I never expected the Me-too movement to emerge.
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    03 Oct '18 01:50
    Originally posted by @duchess64
    Adults in my family told me that if 'something bad' ever happened to me, they never wanted to know it.
    I must keep silent at all costs. I was told that it would be better for me to die than to talk and bring shame.
    They were absolutely serious about all this. (My life never was considered important by them.)

    I never expected the Me-too movement to emerge.
    My heart felt sympathy to you for such a deeply hurtful childhood. Such wounds really never heal, we just learn to somehow get on with our life.
  7. SubscriberSuzianne
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    03 Oct '18 01:57
    Originally posted by @mott-the-hoople
    I wish women wouldn't make false claims ,don't you? Then maybe the real cases would get more attention.
    You don't think there are ANY real cases.

    Stop trying to convince anyone you might actually be human.
  8. SubscriberSuzianne
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    03 Oct '18 02:03
    Originally posted by @duchess64
    Adults in my family told me that if 'something bad' ever happened to me, they never wanted to know it.
    I must keep silent at all costs. I was told that it would be better for me to die than to talk and bring shame.
    They were absolutely serious about all this. (My life never was considered important by them.)

    I never expected the Me-too movement to emerge.
    I'm sorry about your family. I can't imagine what that was like. I always had the full support of my family.

    I knew there had to be a tipping point, where the silence just would not be maintained any longer. But I agree it's been a long time coming.
  9. Standard memberwittywonka
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    03 Oct '18 03:57
    Originally posted by @mott-the-hoople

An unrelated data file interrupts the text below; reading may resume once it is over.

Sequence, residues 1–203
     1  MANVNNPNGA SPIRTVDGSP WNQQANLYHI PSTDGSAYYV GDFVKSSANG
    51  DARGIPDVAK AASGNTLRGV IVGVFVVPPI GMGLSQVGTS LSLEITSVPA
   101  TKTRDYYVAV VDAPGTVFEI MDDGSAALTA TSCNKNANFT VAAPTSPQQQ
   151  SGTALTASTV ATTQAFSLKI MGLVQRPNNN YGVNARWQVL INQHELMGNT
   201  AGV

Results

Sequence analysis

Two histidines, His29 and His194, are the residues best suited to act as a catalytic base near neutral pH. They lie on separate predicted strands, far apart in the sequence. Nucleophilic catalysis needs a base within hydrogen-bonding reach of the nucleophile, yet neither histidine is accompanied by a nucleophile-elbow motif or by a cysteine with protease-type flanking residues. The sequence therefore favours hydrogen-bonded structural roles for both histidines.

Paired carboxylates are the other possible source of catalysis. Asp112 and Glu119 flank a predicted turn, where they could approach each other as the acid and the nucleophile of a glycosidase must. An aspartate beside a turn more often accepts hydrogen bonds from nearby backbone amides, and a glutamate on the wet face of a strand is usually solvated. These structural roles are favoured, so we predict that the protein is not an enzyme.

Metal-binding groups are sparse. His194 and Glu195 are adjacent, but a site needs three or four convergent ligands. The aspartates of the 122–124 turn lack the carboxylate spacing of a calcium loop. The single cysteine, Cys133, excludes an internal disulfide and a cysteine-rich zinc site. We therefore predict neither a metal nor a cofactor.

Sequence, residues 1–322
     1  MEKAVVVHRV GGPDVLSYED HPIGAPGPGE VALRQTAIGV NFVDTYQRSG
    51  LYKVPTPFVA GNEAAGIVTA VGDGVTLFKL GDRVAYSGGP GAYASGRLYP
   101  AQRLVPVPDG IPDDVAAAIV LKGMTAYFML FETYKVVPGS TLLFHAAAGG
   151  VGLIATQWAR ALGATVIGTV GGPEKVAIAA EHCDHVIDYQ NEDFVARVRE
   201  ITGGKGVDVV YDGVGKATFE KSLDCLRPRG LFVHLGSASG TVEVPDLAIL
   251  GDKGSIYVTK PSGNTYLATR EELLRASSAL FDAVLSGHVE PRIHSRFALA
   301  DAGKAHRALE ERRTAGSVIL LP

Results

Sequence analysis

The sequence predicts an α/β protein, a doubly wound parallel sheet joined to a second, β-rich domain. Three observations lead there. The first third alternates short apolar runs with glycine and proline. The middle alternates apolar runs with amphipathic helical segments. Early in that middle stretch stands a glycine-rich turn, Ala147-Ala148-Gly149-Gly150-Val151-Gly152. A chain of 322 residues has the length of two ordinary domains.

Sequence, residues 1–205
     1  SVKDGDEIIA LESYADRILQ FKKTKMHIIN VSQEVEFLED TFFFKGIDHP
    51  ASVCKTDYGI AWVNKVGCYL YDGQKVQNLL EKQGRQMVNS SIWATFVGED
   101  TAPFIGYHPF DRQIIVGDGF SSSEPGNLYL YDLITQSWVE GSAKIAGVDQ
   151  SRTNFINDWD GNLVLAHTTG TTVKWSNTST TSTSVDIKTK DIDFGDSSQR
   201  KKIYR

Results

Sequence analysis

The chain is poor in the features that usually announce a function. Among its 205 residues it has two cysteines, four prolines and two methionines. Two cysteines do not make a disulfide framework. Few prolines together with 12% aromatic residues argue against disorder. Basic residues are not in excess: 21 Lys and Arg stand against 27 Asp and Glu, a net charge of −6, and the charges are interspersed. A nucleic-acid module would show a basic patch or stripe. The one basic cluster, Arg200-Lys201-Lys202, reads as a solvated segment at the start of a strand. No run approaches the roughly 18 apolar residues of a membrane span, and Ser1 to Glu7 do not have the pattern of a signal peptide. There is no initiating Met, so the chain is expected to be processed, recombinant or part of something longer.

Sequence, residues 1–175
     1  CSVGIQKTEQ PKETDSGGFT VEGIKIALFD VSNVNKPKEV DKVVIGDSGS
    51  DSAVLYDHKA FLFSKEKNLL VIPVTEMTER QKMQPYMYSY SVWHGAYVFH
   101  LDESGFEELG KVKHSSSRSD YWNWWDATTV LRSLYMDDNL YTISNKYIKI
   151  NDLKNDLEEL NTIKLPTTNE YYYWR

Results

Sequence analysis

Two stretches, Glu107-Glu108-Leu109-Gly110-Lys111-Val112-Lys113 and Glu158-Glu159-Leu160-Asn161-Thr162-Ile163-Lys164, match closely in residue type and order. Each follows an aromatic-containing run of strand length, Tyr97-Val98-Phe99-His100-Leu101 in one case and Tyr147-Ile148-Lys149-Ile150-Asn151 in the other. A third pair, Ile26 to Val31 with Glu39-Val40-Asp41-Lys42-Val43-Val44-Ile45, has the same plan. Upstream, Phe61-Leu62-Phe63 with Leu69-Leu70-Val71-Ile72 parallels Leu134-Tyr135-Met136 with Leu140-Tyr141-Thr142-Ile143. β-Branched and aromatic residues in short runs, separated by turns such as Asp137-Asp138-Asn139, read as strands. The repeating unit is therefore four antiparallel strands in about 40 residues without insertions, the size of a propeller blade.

great wapo article...did Soros write it?
    I know this is an anonymous Internet forum where it’s “cool” to score points with sick sarcastic burns—I do it too sometimes—but really? THAT’S the best you can muster after reading this article? I genuinely feel sorry for you. Not in a “wow, weak comeback” kind of way. More in a “you clearly have some deep-seated antipathy or sociopathy—what happened in your life to make you like this” kind of way.
  10. Standard memberwittywonka
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    03 Oct '18 13:13
    @suzianne said
    You don't think there are ANY real cases.
    Well stated. So often, people--certainly not exclusively Republicans, but certainly Republicans as of late--only perceive "real" cases as the ones that aren't inconvenient.
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    03 Oct '18 15:14
    @duchess64 said
    Adults in my family told me that if 'something bad' ever happened to me, they never wanted to know it.
    I must keep silent at all costs. I was told that it would be better for me to die than to talk and bring shame.
    They were absolutely serious about all this. (My life never was considered important by them.)

    I never expected the Me-too movement to emerge.
    LMFAO!!! OMG!
  12. Joined
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    03 Oct '18 15:15
    @wittywonka said
    Well stated. So often, people--certainly not exclusively Republicans, but certainly Republicans as of late--only perceive "real" cases as the ones that aren't inconvenient.
    Would you say Keith Ellison is a "real" case?
  13. Zugzwang
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    03 Oct '18 18:39
    https://www.theguardian.com/commentisfree/2018/oct/03/trump-mockery-christine-blasey-ford-sexual-assault-script-male-dominance

    "Trump mocking Christine Blasey Ford shows how women are silenced.